Most countries protect ornamental design by one means or another. For example, EU member states are required by art 3 (1) of Directive 98/71/EC of the European Parliament and of the Council of 13 October 1998 on the legal protection of designs to protect by registrations designs that are new and have individual character. In the USA, patents known as “design patents” are available for new, original and ornamental designs for articles of manufacture under 35 USC 171. In the UK we protect new designs having individual character by registration in compliance with the Directive, but we also protect functional designs by an intellectual property right that is almost unique to this country known as unregistered design right. Superimposed on our national design law is EU or Community design law which provides a system of design registration for new designs having individual character known as registered Community designs and automatic short term protection against copying for designs that could be registered known as unregistered Community design. Design right protects the shape or configuration of articles or parts of articles including components and even features that cannot be discerned by the human eye. However, surface decoration is specifically excluded from design right protections. Thus, such things as the design of fabrics and wall coverings can be protected by artistic copyright, design registration or possibly even as unregistered Community designs.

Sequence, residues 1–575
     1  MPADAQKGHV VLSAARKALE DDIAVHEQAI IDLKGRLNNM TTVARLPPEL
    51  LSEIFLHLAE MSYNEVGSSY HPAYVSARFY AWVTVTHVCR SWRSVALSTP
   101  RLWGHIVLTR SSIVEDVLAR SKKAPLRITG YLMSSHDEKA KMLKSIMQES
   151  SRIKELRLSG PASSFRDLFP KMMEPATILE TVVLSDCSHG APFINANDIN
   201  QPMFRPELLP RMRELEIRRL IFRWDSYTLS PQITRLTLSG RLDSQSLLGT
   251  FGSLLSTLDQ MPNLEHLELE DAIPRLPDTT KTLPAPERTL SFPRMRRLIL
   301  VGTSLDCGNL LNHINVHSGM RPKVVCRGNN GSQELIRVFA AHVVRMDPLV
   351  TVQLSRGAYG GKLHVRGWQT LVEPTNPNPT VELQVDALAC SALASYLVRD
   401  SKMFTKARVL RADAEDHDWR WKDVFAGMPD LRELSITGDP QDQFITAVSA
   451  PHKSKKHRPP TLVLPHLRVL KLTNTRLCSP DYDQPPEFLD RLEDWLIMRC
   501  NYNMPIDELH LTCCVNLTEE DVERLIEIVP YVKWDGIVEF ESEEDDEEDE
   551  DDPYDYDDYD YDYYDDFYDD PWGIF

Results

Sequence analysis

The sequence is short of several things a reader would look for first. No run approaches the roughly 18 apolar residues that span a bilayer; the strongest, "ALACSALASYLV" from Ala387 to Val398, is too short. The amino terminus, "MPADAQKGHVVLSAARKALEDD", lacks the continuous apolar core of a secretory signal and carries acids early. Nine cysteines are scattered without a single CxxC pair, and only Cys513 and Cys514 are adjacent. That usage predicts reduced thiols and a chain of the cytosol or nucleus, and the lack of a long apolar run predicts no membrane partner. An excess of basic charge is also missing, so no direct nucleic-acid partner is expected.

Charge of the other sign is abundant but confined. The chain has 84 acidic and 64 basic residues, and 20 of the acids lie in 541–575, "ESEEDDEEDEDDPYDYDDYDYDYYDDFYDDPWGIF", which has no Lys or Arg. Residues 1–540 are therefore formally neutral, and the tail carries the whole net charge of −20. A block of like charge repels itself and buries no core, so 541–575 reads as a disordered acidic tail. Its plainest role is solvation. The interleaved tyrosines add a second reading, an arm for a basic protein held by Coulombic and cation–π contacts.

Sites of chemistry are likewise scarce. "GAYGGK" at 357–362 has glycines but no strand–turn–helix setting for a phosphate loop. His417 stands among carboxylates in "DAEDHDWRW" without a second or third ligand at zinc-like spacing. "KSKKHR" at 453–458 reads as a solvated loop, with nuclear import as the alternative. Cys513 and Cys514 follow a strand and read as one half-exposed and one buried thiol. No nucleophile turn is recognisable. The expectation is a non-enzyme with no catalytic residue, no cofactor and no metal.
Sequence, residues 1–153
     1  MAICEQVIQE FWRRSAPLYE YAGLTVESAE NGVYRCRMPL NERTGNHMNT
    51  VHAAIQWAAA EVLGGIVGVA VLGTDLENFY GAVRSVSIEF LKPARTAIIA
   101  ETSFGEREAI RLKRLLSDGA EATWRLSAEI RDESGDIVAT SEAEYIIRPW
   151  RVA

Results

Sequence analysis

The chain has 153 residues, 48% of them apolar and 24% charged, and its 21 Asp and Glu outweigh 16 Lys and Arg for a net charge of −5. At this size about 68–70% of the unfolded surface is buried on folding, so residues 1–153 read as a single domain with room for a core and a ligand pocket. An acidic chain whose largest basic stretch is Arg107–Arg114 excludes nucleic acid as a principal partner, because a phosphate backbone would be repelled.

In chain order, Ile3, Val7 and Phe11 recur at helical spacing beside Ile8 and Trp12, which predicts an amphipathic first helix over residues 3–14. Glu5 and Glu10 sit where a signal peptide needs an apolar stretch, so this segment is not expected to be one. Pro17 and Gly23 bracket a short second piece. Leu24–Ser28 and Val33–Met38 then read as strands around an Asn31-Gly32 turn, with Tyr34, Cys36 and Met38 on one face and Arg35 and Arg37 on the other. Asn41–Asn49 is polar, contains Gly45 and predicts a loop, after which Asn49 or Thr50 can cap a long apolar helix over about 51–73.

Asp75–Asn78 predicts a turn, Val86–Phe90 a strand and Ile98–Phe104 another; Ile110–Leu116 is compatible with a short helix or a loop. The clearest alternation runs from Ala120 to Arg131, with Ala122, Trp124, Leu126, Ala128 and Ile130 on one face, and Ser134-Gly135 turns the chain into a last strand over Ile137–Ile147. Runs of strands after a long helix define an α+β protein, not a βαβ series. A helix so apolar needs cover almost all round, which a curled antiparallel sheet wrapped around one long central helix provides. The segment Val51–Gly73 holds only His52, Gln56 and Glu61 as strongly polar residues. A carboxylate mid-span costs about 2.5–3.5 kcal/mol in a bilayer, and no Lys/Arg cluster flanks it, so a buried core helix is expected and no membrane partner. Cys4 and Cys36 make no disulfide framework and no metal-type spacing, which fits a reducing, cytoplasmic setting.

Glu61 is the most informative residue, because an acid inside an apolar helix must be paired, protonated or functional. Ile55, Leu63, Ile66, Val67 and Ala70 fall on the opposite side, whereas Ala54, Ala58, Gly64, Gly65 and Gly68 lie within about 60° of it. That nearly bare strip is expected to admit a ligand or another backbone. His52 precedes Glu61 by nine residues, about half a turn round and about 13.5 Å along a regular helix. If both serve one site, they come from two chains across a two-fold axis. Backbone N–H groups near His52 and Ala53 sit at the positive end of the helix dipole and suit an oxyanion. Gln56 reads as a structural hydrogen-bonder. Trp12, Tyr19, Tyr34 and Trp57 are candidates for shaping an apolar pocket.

Confused? “You should be” as they used to say on Soap. I shall try to demystify design law in a quick presentation consisting of me, Peter Groves and A N. Other. Together we will present a whistle-stop road show around Yorkshire to celebrate World Intellectual Property Day on 26 April. We shall visit Leeds, Bradford and Sheffield at 10:00, 14:00 and 18:00 respectively. As Peter has just published his excellent Dictionary of Intellectual Property Law there may even be the odd Fat Rascal or samosa washed down by Black Sheep or sweet lassi. Gradely!
If you want to learn more about this intellectual feast contact me on 0800 862 0055 or fill in my contact form. If you are interested in intellectual property in Yorkshire generally you can also follow my IP Yorkshire blog.
02 April 2011
"Pallet container for the transporting and storing of liquids, having a flat pallet, an exchangeable inner container made of plastic material with an upper, closable filler opening and a lower emptying device and also, surrounding the inner container, one outer sleeve which consists of vertical and horizontal lattice bars made of metal which support the plastic inner container filled with liquid ..."
"It suffices to say that [the intermediary], when it fits [the claimant's] bottles into [the defendant's] cages, is making [the patented product] which fall within the Patent and are doing so without the licence of [the claimant]. That they themselves on their own website say they are "re-manufacturing" says it all."That seems to suggest that there is no general approach and that each case is to be determined according to its own circumstances. The tribunal looks at what the claim says and then considers whether the defendant's product falls into it. It is not too far removed from the old rule that one should construe the patent as though the defendant had never been born.